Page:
Howard Stern Needs a Hug from a Knick, Proving His Relevancy Retired Long Ago

‘I’d like to think it’s a white thing, not my personality’
Howard Stern Needs a Hug from a Knick, Proving His Relevancy Retired Long Ago

Seriously, Howard? The Sirius XM host probably still deserves the title of “shock jock,” but only because we’re continually staggered by how out-of-touch Howard Stern continues to prove himself to be. The most recent idiocy? Bawling about how New York Knicks players aren’t coming over to talk to him when he’s sitting courtside. Specifically, how the Black players aren’t seeking him out for pre-game pleasantries. Sigh.

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“Black players won’t come over and say hello to me,” Stern complained this week on The Howard Stern Show. For some reason, Stern believes the players would rather talk to Spike Lee or Chris Rock.

Stern, historically proud of his ignorance about the NBA and other professional sports, does enjoy the notoriety that comes with courtside seats. The Knicks hand over the $7,000 tickets for free, but Stern still doesn’t feel like he’s getting his money’s worth. “A lot of times when I’m there, I’m next to Tracy Morgan, who is so funny. And he’s sitting there and a couple of the players will come over,” Stern ranted. “They give him that bro shake and stuff. And I’m like — these guys should hug me too.”

We’re not sure why Stern believes Julius Randle owes him a hug, other than he’s a celebrity. But as always, Stern thinks he has authority to air his racial grievances because Black kids went to his high school.  “I mean, what am I? I grew up in a Black neighborhood (Roosevelt in Long Island), you know what I mean? I mean they should know that. But I get ignored.”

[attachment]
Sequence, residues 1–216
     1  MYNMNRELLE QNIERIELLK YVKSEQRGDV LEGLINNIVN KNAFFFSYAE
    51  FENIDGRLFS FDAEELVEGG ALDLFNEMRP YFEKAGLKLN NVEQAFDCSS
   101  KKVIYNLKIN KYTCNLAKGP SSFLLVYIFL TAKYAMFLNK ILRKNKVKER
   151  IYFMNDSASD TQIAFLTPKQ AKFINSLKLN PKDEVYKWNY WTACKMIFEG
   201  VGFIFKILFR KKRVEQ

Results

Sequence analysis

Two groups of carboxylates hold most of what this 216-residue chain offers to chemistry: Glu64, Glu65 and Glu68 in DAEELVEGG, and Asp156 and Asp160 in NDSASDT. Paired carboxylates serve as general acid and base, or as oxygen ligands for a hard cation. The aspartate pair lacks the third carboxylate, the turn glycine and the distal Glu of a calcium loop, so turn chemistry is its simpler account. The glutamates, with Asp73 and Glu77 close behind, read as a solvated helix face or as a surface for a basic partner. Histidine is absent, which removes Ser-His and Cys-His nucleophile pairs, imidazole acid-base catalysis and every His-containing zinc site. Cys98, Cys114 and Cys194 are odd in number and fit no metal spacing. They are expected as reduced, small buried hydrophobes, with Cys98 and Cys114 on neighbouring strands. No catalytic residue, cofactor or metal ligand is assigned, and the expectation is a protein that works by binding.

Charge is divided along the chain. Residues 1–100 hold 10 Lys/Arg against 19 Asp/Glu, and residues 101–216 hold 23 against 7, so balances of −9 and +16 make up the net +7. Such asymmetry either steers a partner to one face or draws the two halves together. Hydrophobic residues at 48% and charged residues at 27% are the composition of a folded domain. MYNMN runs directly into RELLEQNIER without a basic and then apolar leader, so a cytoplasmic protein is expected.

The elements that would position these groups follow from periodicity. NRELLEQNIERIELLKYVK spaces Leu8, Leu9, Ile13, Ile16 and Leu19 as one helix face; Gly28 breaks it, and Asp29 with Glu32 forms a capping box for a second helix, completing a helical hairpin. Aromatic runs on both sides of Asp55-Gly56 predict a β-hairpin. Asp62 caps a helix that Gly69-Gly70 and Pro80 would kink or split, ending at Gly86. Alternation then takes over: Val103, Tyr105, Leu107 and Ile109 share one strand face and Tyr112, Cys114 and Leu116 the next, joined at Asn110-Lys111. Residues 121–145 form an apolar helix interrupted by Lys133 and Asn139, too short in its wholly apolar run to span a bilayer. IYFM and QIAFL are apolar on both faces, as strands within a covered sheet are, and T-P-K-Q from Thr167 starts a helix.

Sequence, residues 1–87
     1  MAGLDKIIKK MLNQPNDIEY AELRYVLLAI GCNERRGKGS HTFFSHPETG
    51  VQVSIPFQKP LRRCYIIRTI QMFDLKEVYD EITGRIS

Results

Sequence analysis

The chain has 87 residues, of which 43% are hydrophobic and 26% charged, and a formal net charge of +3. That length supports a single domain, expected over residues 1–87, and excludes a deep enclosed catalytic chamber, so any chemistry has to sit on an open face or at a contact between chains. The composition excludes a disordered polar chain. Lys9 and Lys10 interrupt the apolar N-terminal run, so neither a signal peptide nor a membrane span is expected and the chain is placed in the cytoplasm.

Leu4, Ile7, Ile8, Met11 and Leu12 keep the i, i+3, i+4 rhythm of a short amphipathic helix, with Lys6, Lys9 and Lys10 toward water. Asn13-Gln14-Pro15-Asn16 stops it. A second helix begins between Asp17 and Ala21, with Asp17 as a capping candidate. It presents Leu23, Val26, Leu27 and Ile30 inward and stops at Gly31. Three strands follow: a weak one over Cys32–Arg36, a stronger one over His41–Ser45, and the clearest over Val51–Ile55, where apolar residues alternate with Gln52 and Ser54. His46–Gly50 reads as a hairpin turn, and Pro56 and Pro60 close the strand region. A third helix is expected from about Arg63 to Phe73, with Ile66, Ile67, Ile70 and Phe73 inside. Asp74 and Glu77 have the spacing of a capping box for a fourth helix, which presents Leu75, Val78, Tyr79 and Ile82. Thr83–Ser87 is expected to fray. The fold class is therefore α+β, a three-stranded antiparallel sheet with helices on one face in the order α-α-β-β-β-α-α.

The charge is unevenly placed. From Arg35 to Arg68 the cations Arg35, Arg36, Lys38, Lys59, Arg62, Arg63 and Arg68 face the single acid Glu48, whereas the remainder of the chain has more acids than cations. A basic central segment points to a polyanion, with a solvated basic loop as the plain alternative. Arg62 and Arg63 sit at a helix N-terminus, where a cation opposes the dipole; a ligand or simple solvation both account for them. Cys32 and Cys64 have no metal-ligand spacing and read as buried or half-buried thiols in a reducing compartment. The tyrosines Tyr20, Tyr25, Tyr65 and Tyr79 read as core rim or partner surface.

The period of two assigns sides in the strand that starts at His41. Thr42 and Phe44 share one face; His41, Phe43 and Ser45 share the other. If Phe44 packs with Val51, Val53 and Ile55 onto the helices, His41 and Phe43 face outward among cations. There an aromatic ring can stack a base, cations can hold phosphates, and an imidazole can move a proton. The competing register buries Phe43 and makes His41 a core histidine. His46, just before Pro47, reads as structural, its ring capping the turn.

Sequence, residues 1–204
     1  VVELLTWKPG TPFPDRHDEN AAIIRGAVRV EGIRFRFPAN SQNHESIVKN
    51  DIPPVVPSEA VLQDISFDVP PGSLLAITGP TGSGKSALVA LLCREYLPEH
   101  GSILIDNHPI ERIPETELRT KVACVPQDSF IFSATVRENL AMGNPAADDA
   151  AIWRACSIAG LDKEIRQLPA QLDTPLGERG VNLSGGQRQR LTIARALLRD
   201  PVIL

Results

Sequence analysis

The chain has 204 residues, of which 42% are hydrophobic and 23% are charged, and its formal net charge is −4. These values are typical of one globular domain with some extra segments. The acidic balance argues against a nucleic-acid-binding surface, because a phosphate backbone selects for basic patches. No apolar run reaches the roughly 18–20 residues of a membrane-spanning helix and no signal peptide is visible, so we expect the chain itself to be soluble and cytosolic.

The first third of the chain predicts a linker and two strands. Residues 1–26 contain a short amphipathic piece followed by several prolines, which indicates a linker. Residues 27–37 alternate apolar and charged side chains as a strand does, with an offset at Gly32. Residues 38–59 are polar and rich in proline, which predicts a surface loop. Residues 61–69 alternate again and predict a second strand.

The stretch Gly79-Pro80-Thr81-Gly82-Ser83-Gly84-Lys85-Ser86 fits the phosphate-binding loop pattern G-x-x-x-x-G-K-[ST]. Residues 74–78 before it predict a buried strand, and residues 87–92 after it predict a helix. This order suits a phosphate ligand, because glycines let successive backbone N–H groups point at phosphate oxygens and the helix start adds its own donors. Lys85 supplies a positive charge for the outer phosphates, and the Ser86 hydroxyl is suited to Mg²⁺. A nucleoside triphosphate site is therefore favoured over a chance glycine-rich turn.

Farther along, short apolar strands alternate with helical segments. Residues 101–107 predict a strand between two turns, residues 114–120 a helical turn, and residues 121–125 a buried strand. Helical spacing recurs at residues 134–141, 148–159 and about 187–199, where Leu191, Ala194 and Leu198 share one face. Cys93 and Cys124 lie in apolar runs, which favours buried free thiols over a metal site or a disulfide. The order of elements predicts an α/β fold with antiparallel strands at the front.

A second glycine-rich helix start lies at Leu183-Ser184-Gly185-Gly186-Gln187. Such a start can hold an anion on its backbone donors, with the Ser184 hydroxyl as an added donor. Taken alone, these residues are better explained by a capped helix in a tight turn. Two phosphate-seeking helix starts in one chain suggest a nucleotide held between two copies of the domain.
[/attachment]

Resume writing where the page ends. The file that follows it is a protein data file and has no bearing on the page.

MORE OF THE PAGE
New York Knicks players, most of whom were born in 1995 or later, “should know” that Stern attended a predominantly Black high school in 1968? Got it. 

As always, Robin Quivers was incredulous at the mistreatment of her boss. “They don’t acknowledge you at all?” she marveled. Surely Jalen Brunson understands that Stern took WXRK to number one back in 1994, kicking Imus’ ass in the process. “You think it’s a racial thing? I’m sure they talk to some white people,” Quivers continued. 

“No, not that I saw,” Stern insisted. “I want them to come up and go, ‘Hey Howard, fan of the show or something.’ … I just get upset. Fame to me is very important. I’ll admit it. I like people to recognize me.”

Coming from just about anyone else, Stern’s comments would inspire online outrage, but instead, he continues to be treated like everyone’s doddering uncle, the one who used to be in a cool band but no one can remember its name. 

Instead of calling for his head, Twitter users are more likely to point out the obvious:

Stern just can’t figure out why 22-year-olds aren’t rushing to kiss his ring. The answer is simple: His radio show peaked before he ever got to Sirius XM, and no amount of Ameria’s Got Talent judging is going to return him to the center of pop culture. Aging gracefully and accepting his emeritus status is an option, but not one Stern is interested in exploring. In his brain, there can only be one explanation for a Knicks player not asking for an embrace: “I’d like to think it’s a white thing, not my personality.” 

Hey, Howard? It’s your personality.

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